A previous version of this blog post was published in May 2020. This version has been updated to reflect the telehealth landscape a year later.
Telehealth adoption exploded in 2020 in the wake of the COVID-19 pandemic as many patients were unable or reluctant to seek on-site care. The combination of relaxed regulations and expanded payment parity for appointments made virtual meetings easier and more attractive for providers, who are turned to these technologies to stay engaged with patients—and maintain cashflow. As Dr. Robert McLean, a former president of the American College of Physicians said, “this crisis has forced us to change how we deliver health care more in 20 days than we had in 20 years.”
At Waystar, we’ve been closely monitoring claim trends and have witnessed the growth in telehealth firsthand. In fact, the volume of telehealth claims on the Waystar platform grew by more than 100 times from March 2020 to May 2020. On two days in late April 2020, they accounted for more than 15% of our total daily claim volume. Before COVID-19, they would have accounted for less than 1%. While restrictions have loosened in 2021 and people have started to venture back out, we expect that telehealth is here to stay. It may not maintain the volume that it did during the height of community shutdowns, but it will certainly remain higher than pre-pandemic levels. Patients became accustomed to the convenience of telehealth for certain kinds of care, and are likely to expect that same convenience moving forward.
For many providers, this shift will require new revenue cycle strategies to meet growing patient demand without overwhelming clinicians and administrative teams—or already strained operating budgets. It’s important to remember this is still very much an evolving care delivery model with the opportunity for errors on the part of both payers, providers and administrative staff. For this reason, rev cycle professionals should diligently monitor claims to ensure proper adjudication, identify learning opportunities and uncover areas for operational improvement.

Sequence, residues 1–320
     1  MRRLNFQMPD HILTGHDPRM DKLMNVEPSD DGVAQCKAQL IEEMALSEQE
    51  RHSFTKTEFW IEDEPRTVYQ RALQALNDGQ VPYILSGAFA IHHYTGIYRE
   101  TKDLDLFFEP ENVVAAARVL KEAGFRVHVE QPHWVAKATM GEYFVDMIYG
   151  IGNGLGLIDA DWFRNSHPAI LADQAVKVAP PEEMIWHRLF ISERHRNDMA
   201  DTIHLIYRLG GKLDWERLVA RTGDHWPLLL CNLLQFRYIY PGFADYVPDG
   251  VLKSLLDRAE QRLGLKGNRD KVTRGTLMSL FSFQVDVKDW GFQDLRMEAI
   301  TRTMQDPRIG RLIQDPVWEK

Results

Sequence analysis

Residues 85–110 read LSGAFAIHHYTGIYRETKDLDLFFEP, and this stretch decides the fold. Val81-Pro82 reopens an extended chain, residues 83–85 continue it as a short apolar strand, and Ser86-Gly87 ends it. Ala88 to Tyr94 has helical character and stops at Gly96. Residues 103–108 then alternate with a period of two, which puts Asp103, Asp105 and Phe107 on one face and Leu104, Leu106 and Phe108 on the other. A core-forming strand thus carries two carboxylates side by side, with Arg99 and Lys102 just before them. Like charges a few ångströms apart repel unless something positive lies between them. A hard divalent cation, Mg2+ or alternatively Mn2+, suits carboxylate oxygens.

Below, we’ve listed six core telehealth-related metrics you should regularly track to ensure billing accuracy, maximize payer reimbursement and reduce claim rejections and denials. For more on how to best navigate the evolving telemedicine landscape, check out our resource hub here.
To report on telehealth-related claims, you’ll first need to identify and isolate claims containing telehealth procedure codes. See CMS’ telehealth code list to identify the specific procedure codes and modifiers that apply to your organization.
1. Payer telehealth claim rejections by volume and/or billed amount
2. Payer telehealth claim denials by volume and/or billed amount
If your telehealth claims are being denied or rejected, do you know which specific payers are doing so at the highest rate? Drill down to discover the specific reason codes payers are attaching to rejections and denials so you can better understand payer-specific rules and avoid these oversights in the future. In some cases, you may identify trends that warrant a call to the payer to correct.
3. Telehealth claim volume by provider
Review this claim volume by individual provider. If you notice providers within your organization generating a much lower volume of telehealth claims than peers, perhaps they could benefit from additional training on telehealth technology and use cases.
Ensuring billing accuracy
4. Telehealth claim rejections by biller/team
5. Telehealth claim denials by biller/team
Are certain billing personnel or teams producing higher denial or rejection rates than others? Keep a close eye on these trends and remember most of this is new for everyone. If some team members are seeing more rejections or denials than they should, it could be a great opportunity to hold trainings and collaborate on strategies for success.
6. Telehealth claim volume by procedure code
Which telehealth codes are you using? Each code reimburses at a different rate, so choosing the wrong ones could leave money on the table. Be sure to read up on CMS’ requirements (check out their fact sheet and code list) to ensure you’re choosing the appropriate code(s) on each telehealth claim.
You have all the data you need to drive informed decision making and improve financial performance—you just need the right analytics tool in your corner. Our new Waystar Analytics solution offers a pre-built telehealth dashboard that can help you easily interpret and share all the metrics above. Click here to learn more about Waystar Analytics and how it can deliver the insights you need during this time of transition.